Here’s What To Expect In macOS 10.15

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The end of iTunes and using iPads as external Mac displays.

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With Apple’s Worldwide Developers Conference less than two weeks away, rumors are slowly starting to leak out about what we can expect Apple to unveil at its annual developers’ conference.

Recently we learned about a ton of features expected to be unveiled in iOS 13, including a system-wide dark mode and improved multitasking for the iPad. But what about Apple’s other flagship operating system? What’s coming to macOS this year? While rumors haven’t been as pervasive on the Mac front, we now know at least a few of the features that are coming to the Mac…

macOS 10.15: The End Of iTunes

Perhaps the biggest changing coming in macOS 10.15 is the end of iTunes. Well, let us clarify. The iTunes app isn’t going to go away most likely. Instead, Apple will unveil separate standalone Music and Podcasts apps.

The new apps will be dedicated to just that: music in the Music app and podcasts in the Podcasts app. This is how it works on iOS currently and is obviously how Apple wants it to work on macOS going forward.

And this change will be very welcome to many Mac users who have complained about iTunes become bloatware in recent years.

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macOS 10.15: A Dedicated Apple TV App

Another set of content that is going to be ripped from the iTunes app and be given its own app is movies and TV shows. That video content is expected to get its own dedicated Apple TV app on the Mac.

This would align nicely with ios, which currently gives shows and movies its own app on the mobile platform. This move towards a dedicated video app on the Mac also aligns nicely with Apple’s launch of a video streaming service coming later this year.

macOS 10.15: A Redesigned Books App

The existing Books app in macOS is also expected to get a redesign. That redesign is rumored to be based on the look of Apple’s latest Apple News app on the platform.

macOS 10.15: Bye-bye 32-bit Apps

macOS 10.15 is also expected to ditch support for older 32-bit apps. This actually isn’t a surprise as Apple has long said macOS 10.14 would be the last to support 32-bit apps. Any apps that are still coded in 32-bit will not be able to launch under the new operating system.

Thankfully, most developers have long brought 64-bit support to their Mac apps.

macOS 10.15: Use An iPad As An External Display

The latest rumor for macOS 10.15 is that Apple will bring a feature codenamed “Sidecar” to the Mac. This will allow a Mac user to use an iPad as an external display by sending any open window on the Mac to it. As 9to5Mac reports:

“The new feature – called “Sidecar” internally – can be accessed via a simple menu. This new menu will be opened by hovering over the green “maximize” button in a Mac app window for a split second. The menu will have options for making the window fullscreen, tiling and moving to external displays, including the user’s iPads and external displays connected to the Mac. Selecting one of the display options moves the current window to the selected external display or iPad, in fullscreen.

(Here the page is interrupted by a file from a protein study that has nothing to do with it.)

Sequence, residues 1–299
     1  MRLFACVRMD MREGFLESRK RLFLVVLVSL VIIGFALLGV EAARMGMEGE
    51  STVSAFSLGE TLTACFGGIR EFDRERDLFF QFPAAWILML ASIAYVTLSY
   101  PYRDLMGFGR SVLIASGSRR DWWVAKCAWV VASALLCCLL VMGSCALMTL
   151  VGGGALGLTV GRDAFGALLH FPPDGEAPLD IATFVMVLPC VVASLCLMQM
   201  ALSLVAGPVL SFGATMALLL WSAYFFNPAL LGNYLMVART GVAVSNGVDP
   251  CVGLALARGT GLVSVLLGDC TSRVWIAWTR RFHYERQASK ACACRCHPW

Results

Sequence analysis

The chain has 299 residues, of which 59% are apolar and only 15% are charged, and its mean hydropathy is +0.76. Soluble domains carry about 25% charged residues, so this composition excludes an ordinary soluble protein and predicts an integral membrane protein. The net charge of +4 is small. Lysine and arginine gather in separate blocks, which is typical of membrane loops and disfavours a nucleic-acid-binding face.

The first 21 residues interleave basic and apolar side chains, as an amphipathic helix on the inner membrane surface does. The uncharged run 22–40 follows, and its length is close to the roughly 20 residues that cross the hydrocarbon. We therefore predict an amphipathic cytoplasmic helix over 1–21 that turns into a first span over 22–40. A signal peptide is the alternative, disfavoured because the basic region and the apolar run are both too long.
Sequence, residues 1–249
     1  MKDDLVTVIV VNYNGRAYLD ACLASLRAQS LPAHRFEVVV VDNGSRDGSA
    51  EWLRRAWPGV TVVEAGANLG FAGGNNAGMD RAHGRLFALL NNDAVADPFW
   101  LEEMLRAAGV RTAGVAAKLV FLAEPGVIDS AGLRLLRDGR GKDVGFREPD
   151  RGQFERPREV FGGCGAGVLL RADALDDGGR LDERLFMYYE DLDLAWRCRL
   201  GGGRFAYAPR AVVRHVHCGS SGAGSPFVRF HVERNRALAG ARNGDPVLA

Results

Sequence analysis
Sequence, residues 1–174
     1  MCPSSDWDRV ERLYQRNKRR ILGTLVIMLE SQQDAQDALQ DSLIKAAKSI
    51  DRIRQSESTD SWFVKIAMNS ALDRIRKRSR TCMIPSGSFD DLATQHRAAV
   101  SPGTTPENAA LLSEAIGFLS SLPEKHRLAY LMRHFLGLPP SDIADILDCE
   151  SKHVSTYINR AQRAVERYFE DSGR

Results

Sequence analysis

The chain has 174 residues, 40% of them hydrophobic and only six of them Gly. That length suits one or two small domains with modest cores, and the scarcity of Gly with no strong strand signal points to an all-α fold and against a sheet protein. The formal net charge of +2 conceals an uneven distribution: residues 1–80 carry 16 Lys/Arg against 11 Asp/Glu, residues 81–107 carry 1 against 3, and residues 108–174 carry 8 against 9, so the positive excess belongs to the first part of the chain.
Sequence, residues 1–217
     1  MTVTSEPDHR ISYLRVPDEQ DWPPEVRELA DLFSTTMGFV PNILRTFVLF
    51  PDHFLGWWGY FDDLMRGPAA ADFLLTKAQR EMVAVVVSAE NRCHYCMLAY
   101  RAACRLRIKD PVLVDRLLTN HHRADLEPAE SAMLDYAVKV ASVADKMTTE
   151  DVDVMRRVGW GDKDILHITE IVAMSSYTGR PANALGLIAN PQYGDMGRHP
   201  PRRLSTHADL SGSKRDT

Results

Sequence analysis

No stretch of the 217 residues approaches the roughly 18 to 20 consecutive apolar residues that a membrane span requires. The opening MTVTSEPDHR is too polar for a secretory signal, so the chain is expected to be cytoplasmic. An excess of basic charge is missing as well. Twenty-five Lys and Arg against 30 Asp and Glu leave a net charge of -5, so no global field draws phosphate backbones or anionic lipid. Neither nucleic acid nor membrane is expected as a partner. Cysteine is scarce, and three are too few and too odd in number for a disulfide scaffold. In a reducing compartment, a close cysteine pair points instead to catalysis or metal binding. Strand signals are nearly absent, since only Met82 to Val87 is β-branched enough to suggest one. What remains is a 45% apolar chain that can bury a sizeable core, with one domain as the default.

“Users with an iPad that supports Apple Pencil will also be able to draw with the Pencil on iPad when it’s being used as an external display for the Mac, effectively turning the iPad into a Wacom-like tablet. Engineers are also working on options that will allow windows to be easily snapped to one side of the screen, similar to a feature that already exists on Windows.”

macOS 10.15: ScreenTime For The Mac

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macOS 10.15 will also see iOS’s ScreenTime feature brought to the Mac. ScreenTime on iOS allows a user to check to see how often they are using their iPhone and set restrictions for certain apps or group of apps. According to sources, ScreenTime for the MAc will work EXACTLY as it does on iOS.

Users will be able to access ScreenTime via the System Preferences app on the Mac. If you restrict an app with a time limit in macOS, when using that app when the time limit comes up, an overlay screen will fall over the app allowing you to close it or to unlock the app for use again with a passcode.

macOS 10.15: Special Effects For Messages

The Messages app in macOS 10.15 will also gain the special effects features seen in Messages in iOS. These effects allow users to add animated backgrounds to messages or alter the action of the text messages themselves. Reports say confetti, lasers, and fireworks effects are definitely coming to Messages on the Mac–but we expect to see all of them that are currently available on iOS as well.

macOS 10.15: Siri Shortcuts

Siri Shortcuts were introduced in iOS 12. Siri Shortcuts allows you to create your own commands via a new Shortcuts app, that gives Siri new functionality. With macOS 10.15, the Shortcuts app will be coming to the Mac. With Siri Shortcuts, you can make commands be anything you want. This means that you can now make Siri on your Mac carry out virtually any command you can think of by responding to any phrase you want. It’s really brilliant.

There are also likely to be more features coming to macOS 10.15. We won’t know them all until Apple previews the new OS at WWDC on June 3rd.

 

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